First, lets get into what BTC Olympus is claiming to sell. The BTC Olympus Zeus is allegedly a 5Th/s mining rig selling for USD $10,000. Customers can reportedly split that into two equal payments of USD $5,000. The first to be sent via Bitcoin before the company ships the product and the second after the device is in hand. According to BTC Olympus, after the second payment is received they will send you a code to unlock the miner.
If getting “locked” hardware isn't enough to scare you off, the red flags uncovered by members of the Bitcointalk forum (who I owe a debt of gratitude to for doing much of the heavy lifting in this article) might.
First and most obvious: The website for the company, which claims to be from the U.K. is registered anonymously. The phone number listed at the time allegedly wouldn't accept calls and has since been removed. The address listed reportedly sits in a high end retail section of town, not the typical place a company that does the vast majority of its sales online would reside.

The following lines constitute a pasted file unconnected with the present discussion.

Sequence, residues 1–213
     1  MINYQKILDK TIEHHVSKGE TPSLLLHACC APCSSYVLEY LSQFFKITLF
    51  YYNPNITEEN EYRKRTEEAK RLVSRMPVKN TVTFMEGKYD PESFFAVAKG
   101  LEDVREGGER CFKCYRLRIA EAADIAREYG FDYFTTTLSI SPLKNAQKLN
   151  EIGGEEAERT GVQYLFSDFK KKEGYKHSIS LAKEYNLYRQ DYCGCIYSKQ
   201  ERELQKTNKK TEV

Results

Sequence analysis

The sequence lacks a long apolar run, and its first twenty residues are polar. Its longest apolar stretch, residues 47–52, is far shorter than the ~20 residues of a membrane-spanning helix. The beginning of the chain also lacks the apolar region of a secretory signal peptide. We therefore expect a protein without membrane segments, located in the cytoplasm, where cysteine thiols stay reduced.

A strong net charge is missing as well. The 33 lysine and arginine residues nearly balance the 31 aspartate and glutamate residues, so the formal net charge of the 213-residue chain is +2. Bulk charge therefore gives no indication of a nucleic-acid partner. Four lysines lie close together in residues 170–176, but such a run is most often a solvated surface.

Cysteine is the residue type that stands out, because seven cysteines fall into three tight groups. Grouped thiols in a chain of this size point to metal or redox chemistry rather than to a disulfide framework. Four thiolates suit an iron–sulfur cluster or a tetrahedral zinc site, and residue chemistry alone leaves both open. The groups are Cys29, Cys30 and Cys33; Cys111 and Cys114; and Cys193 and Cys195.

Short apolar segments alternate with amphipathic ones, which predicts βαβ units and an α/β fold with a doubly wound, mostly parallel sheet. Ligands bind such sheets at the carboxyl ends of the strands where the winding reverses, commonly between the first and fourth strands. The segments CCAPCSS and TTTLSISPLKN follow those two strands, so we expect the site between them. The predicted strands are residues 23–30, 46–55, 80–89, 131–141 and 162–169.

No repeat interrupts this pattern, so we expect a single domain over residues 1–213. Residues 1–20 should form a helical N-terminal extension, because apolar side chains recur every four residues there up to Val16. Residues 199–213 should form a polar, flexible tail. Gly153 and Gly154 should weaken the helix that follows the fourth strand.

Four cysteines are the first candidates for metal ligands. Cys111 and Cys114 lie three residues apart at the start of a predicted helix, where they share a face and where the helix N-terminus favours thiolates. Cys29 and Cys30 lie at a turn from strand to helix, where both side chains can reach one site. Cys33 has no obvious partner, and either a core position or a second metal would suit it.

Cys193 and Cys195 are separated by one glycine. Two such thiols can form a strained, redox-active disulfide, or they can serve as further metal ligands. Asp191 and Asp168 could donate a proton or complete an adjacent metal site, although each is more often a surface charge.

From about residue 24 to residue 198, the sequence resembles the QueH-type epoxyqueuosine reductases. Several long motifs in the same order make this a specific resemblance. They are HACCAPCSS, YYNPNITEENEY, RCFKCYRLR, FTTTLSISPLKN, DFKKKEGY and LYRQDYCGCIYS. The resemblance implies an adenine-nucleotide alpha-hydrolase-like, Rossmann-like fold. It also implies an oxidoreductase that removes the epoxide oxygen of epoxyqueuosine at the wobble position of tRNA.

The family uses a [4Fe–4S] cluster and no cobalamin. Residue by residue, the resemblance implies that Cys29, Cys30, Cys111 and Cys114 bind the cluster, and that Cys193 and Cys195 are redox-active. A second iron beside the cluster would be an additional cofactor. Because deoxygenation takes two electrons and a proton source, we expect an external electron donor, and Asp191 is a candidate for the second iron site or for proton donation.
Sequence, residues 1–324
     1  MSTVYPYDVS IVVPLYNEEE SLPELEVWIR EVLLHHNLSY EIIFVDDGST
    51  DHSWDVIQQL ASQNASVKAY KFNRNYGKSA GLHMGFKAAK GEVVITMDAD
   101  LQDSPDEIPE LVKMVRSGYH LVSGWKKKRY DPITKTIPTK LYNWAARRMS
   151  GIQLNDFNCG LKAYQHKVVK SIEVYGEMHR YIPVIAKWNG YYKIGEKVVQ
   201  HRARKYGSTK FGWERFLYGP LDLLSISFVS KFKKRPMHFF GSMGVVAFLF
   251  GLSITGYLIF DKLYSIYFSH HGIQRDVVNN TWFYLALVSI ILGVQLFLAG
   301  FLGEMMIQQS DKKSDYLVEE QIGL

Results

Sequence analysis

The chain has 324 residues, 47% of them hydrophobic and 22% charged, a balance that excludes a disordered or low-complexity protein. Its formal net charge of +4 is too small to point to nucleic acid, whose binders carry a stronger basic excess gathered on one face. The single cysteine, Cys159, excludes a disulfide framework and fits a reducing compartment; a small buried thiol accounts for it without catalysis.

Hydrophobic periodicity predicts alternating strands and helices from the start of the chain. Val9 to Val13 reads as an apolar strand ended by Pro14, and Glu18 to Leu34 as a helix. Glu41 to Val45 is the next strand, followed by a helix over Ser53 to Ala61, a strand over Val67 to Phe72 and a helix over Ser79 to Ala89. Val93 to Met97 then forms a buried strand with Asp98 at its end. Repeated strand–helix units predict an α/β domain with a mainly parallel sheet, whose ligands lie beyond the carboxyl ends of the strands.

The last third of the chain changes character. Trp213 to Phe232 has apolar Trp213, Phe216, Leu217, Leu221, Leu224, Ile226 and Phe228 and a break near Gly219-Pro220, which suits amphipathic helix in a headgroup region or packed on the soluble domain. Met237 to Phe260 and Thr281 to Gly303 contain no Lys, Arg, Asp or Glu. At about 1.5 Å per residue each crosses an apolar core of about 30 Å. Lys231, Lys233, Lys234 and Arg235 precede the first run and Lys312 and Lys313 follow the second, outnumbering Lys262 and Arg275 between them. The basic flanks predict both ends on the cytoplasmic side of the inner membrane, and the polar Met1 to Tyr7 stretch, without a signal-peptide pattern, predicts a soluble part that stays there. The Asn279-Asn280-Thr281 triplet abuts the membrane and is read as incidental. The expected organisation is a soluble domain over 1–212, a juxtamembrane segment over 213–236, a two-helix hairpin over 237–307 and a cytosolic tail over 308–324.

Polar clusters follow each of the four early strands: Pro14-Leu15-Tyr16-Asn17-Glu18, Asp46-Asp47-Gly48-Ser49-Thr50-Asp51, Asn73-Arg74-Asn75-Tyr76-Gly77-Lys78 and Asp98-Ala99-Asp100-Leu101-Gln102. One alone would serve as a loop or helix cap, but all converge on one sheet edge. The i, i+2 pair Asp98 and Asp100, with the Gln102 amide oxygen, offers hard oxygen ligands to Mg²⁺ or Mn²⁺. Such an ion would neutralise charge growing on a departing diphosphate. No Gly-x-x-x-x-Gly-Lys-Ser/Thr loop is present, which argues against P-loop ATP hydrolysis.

According to another user, BTC Olympus also directly copied their TOS from Hashfast, the embattled bitcoin mining company, and at one time forgot to replace the name with their own. A look through their LinkedIn profiles is also concerning. All three employees are brand new to the business social media site and have only received endorsements from each other. Their photos were all done in the same style with a stock background.
The listing for employee Matthew Tot also includes some curious claims. According to his LinkedIn profile, Mr. Tot graduated Secondary school (roughly equivalent to American High School) in 1989. Which, assuming a graduation age of 18, would make him 43 years of age. The photo on his LinkedIn profile looks to be someone in his early to mid twenties.